Q: What are veneers and how do they compare to crowns?
A: Veneers are a cosmetic restoration often done to provide improved aesthetics to the front upper and sometimes lower teeth. They are thin pieces of porcelain often no thicker than a half millimeter that are bonded in place to the surface of the teeth facing the lips. For best results, the teeth to be veneered should be prepared, that is, they should have a thin layer of the enamel removed to make room for the porcelain. That way, the overall size and shape of the teeth are not drastically altered compared to what is naturally present. Veneers are best used in very specific situations determined by your dentist, and are not for everyone. Existing fillings, cavities, and other dental issues usually preclude the use of veneers, but a crown may be a suitable restoration instead.
Crowns are different from veneers in that they cover the tooth entirely and are much thicker and stronger. A crown is often used if a tooth is fractured, cracked, or just broken down from numerous fillings. Because of the total coverage, a crown is like putting a helmet over a tooth, holding it together and strengthening it, while a veneer is more akin to a press-on fingernail for aesthetics purposes. Your dentist can help you determine what is the best restoration to suit your needs.
Q: What are dental implants and can I get them?
A: A dental implant is a surgical device placed within the bone of the jaw and is used to support a dental restoration to replace missing teeth. Dental implants have been actively used in dentistry for over 30 years and have revolutionized modern dentistry. Before implants, our treatment options for missing teeth were limited to using adjacent natural teeth to support a bridge or a removable partial denture. If the patient lacked any teeth, complete dentures were used. Implants have allowed us to perform simple procedures like replacing one tooth, or complex procedures such as supporting a complete dentures to replace all missing teeth.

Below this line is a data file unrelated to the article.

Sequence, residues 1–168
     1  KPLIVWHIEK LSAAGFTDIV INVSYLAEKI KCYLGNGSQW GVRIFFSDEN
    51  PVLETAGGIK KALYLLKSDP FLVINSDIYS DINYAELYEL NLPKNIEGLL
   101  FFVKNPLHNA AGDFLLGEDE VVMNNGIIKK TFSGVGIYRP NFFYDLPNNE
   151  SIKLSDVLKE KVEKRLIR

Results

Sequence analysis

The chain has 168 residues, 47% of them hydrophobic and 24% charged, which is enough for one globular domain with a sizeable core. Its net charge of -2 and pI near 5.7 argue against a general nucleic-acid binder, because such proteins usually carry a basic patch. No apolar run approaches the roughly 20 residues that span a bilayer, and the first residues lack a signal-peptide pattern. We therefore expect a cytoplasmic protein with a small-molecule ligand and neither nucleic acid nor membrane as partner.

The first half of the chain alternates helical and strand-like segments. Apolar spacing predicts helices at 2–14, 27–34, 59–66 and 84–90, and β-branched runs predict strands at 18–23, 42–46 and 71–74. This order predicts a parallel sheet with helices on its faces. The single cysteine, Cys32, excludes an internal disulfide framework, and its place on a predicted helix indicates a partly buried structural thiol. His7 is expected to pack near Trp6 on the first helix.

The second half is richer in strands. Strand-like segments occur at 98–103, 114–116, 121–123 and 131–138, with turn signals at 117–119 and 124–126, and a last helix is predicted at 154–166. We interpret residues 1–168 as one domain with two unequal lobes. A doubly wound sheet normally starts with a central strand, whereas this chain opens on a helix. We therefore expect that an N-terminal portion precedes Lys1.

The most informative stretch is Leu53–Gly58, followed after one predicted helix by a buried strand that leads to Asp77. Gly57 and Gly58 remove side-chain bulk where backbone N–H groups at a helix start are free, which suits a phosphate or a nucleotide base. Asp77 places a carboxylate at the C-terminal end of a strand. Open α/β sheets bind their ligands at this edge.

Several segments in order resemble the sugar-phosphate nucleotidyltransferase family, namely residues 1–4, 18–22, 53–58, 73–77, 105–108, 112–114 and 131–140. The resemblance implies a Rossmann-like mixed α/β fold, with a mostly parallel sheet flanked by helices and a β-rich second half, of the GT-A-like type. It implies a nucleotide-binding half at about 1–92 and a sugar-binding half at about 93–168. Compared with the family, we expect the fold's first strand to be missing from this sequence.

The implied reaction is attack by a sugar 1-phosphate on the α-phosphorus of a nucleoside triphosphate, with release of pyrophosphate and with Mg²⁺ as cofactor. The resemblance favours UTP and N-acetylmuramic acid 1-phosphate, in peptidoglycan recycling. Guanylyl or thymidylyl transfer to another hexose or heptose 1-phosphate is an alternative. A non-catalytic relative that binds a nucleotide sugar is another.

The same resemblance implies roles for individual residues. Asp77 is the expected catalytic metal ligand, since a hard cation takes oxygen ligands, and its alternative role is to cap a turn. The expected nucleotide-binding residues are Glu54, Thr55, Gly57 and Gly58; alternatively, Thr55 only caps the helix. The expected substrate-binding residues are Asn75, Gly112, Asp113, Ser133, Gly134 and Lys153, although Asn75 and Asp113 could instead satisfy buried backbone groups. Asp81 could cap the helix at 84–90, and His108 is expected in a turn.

Not everyone is a candidate for dental implants. Compared to traditional crown and bridge, dental implants are a little more complicated and have a surgical component that can result in taking longer to achieve the desired outcome, as well as costing more. Your dentist can explain the requirements needed for placing dental implants and what kind of restoration may be recommended to best suit your needs.
Q: I heard you can get implants and dentures done in a day, how is that possible?
A: Not everyone is a candidate for having implants and dentures done in a day. For such a complex procedure, certain criteria must be met first before such a treatment can be considered. Criteria such as systemic health, current dental condition, bone levels of the jaws, patient’s desired outcome, financial consideration, etc. are factors in determining if a patient is a good candidate for this procedure.
The “implants and dentures in a day” line is correct, albeit somewhat misleading. It can be misconstrued to mean a person can walk into a dental clinic without teeth and walk out that same day with a full set of teeth, but in fact, that is in reference to the actual procedure date and not the initial visit. With any complex treatment, careful planning is required and multiple visits may be needed to allow the dentist to gather the necessary data to plan out and execute the treatment.
Q: I was told I need bone grafts if I want implants. What is that and why do I need it?
A: If you have been told bone grafting is needed, then it is due to the fact that the location where your dentist needs to place an implant lacks the sufficient amount of bone. An implant is dependent upon the surrounding bone in which it is placed for its support and positioning. If there is insufficient quantity of bone, then more may be gained by way of bone grafting. Grafting is a surgical procedure in which bone material is placed at the site where dental implants are desired. The material is placed in intimate contact with your natural bone under the gum tissue and a healing period of around 4-6 months may be needed for the graft to be ready for implantation.
Q: My denture is broken. Are you able to fix it?